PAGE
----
In the midst of the discouraging news story that the ‘racist hate speech’ trial which Geert Wilders, the leader of the Party for Freedom in the Netherlands, is set to start soon, there have been a number of noteworthy encouraging developments in the Netherlands from an alt-right perspective. That the alt-right movement would be on the rise in a country like the Netherlands, which has for nearly a century prided itself on its liberal (and Marxist) values, is supremely encouraging.
The first explicitly alt-right Dutch organization, Erkenbrand, was launched just a couple of months ago. It hosted a conference in Rotterdam at the end of September, with speakers including the likes of F. Roger Devlin. It formed the first alt-right blog in the Dutch language and emphatically denounced miscegenation, virtually unheard of in Dutch society just a few years ago.1 One of the central principles of ethnonationalism is the appreciation of native languages, and while sites like ours do a great job in communicating ethnonationalist principles, there is an inherent value for those outside of the Anglosphere to see ethnonationalism promoted among their own people in their own language, a taboo which Erkenbrand has finally broken in the Netherlands.
One of the most recent articles on the Erkenbrand blog explained why the Forum for Democracy, a recently formed Dutch political party founded by the young right-wing journalist and publicist Thierry Baudet, would be a good choice for ethnonationalists come election time:
[Baudet’s book] The Attack on the Nation State (2012) already moves in the direction of ethnonationalism. . . . In the book Baudet writes . . . about tribal loyalty that people of the same kind have with relation to each other and the land on which they were born and feel bound to.
Oikophobia (2013) might be seen as Baudet’s most explicitly nationalistic work. . . . [With oikophobia] is meant the sick dislike of one’s ‘home’. With ‘home’ is meant the shared ancestry, culture, norms and values that characterize an ethnic group.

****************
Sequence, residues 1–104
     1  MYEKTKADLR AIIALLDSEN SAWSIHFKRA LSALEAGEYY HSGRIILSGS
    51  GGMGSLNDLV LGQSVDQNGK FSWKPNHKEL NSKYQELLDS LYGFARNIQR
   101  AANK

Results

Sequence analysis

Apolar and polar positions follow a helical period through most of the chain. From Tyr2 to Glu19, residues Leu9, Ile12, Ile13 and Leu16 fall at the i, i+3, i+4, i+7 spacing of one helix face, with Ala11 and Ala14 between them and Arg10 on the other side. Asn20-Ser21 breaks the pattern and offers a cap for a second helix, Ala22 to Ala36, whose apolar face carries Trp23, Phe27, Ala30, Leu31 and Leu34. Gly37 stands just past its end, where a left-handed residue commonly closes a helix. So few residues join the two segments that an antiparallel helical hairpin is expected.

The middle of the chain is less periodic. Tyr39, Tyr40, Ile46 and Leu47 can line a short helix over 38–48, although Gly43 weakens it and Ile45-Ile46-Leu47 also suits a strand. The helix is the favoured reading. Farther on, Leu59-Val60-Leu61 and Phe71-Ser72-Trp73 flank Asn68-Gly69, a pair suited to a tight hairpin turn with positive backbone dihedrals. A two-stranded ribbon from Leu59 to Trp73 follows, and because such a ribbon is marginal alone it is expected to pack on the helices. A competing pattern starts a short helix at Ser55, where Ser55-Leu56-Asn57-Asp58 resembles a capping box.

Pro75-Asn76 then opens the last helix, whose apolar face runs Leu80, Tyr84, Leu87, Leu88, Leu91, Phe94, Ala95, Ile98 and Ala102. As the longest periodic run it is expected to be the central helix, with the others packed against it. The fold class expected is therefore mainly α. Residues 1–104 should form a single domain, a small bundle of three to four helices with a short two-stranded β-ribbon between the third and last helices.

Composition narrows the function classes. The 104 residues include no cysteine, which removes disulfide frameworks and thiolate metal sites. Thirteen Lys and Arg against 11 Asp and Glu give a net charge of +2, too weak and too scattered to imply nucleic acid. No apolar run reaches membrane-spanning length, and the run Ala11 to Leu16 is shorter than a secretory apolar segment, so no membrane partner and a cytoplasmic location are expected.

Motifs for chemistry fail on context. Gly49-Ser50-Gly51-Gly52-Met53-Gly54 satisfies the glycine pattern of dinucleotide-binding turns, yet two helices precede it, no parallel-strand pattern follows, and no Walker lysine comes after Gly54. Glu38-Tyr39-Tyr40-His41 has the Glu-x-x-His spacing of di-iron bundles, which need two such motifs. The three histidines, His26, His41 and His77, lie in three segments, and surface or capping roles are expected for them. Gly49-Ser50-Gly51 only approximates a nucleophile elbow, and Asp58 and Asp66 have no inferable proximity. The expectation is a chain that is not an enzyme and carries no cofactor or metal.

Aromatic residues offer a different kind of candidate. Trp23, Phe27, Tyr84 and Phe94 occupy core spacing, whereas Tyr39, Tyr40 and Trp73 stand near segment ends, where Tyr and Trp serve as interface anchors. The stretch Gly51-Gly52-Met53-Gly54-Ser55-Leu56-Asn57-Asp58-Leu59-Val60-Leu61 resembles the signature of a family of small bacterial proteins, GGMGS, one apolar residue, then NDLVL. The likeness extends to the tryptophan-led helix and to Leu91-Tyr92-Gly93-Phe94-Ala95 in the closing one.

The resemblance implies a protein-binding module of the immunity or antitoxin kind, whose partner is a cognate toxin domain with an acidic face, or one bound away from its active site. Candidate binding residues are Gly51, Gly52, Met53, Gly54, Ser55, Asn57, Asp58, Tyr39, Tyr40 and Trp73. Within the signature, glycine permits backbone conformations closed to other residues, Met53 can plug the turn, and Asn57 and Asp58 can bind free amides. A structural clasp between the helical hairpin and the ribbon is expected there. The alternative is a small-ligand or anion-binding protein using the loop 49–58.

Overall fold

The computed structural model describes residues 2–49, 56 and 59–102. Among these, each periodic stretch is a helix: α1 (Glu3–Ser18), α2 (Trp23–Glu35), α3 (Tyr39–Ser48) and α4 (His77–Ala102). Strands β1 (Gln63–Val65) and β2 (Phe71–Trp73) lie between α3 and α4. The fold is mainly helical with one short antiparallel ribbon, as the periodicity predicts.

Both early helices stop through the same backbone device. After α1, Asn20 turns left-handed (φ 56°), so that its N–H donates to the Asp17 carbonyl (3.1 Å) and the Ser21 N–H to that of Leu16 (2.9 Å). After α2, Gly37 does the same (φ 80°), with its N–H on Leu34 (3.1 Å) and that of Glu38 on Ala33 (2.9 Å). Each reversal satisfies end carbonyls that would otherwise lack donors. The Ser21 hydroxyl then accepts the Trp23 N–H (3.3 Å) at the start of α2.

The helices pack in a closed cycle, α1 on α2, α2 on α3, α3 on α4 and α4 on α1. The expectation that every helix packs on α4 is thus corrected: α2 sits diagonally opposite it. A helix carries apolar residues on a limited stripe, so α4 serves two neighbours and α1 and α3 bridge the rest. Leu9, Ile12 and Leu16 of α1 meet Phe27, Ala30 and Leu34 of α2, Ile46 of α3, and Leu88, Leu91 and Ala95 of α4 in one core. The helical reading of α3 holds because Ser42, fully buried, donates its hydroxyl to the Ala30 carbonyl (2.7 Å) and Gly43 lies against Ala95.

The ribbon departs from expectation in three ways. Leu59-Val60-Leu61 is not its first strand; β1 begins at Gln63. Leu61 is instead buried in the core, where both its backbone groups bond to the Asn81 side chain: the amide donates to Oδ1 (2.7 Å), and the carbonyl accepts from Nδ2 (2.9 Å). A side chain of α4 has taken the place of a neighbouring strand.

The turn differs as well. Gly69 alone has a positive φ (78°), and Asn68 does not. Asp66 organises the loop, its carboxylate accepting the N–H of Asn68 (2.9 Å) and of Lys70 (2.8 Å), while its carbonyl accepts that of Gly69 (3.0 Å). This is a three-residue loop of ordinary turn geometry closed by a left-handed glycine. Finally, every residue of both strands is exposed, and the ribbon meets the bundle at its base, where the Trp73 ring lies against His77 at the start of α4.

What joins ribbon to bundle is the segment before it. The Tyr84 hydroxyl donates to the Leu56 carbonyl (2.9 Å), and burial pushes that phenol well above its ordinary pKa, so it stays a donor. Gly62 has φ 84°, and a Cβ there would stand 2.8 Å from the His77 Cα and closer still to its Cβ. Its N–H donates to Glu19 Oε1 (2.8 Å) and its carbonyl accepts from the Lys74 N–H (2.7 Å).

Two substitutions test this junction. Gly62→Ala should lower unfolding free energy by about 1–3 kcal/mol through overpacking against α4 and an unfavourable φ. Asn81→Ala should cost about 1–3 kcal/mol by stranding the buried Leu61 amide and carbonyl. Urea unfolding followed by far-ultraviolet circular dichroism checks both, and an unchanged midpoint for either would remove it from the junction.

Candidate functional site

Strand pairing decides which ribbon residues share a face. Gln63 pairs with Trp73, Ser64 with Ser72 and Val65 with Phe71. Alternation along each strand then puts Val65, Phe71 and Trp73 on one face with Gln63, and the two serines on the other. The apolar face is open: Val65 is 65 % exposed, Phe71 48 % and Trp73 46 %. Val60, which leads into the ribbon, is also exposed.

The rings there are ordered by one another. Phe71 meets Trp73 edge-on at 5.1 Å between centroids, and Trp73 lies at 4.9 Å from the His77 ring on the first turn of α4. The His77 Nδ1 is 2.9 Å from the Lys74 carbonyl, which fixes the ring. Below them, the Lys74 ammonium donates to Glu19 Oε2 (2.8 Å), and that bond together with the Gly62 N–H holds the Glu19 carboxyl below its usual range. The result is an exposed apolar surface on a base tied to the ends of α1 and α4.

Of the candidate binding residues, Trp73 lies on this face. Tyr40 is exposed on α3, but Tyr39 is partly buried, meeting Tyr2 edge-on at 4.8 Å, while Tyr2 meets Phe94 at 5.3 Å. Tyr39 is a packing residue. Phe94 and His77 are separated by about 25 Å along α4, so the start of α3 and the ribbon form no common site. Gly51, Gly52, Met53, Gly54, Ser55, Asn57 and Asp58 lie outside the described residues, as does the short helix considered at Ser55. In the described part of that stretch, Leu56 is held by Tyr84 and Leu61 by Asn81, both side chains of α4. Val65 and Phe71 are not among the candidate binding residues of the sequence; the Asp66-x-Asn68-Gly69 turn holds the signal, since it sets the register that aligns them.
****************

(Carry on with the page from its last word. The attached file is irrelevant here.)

Erkenbrand rightly stops short of calling Baudet’s new party ethnonationalist, but it does note the significance of the fact that Baudet himself – and certainly many others in this new party – holds such sentiments. I would add that the party’s advocacy for democracy, to the extent of including the term in its name, is an unfortunate but understandable negative.
The blog states a vital reason to give preference to Baudet’s party over Wilders’s: the former has no connection to Zionists, an element of the Party for Freedom that has long discouraged many true Dutch nationalists from supporting it.2
The rise of an organization like Erkenbrand and a party like the Forum for Democracy is a much needed and long overdue development for the Dutch right. Back in 2013, Nathanael here expressed concern at the lack of organization in Dutch right-wing politics. Now, finally, and thankfully, things seem to be changing for the better.
- http://www.erkenbrand.nl/artikelen/rassenvermenging-als-wapen/ – note: article is in Dutch ↩
- http://www.erkenbrand.nl/artikelen/opinie-nationalisten-doen-er-goed-aan-op-forum-voor-democratie-te-stemmen/ – note: the article is in Dutch ↩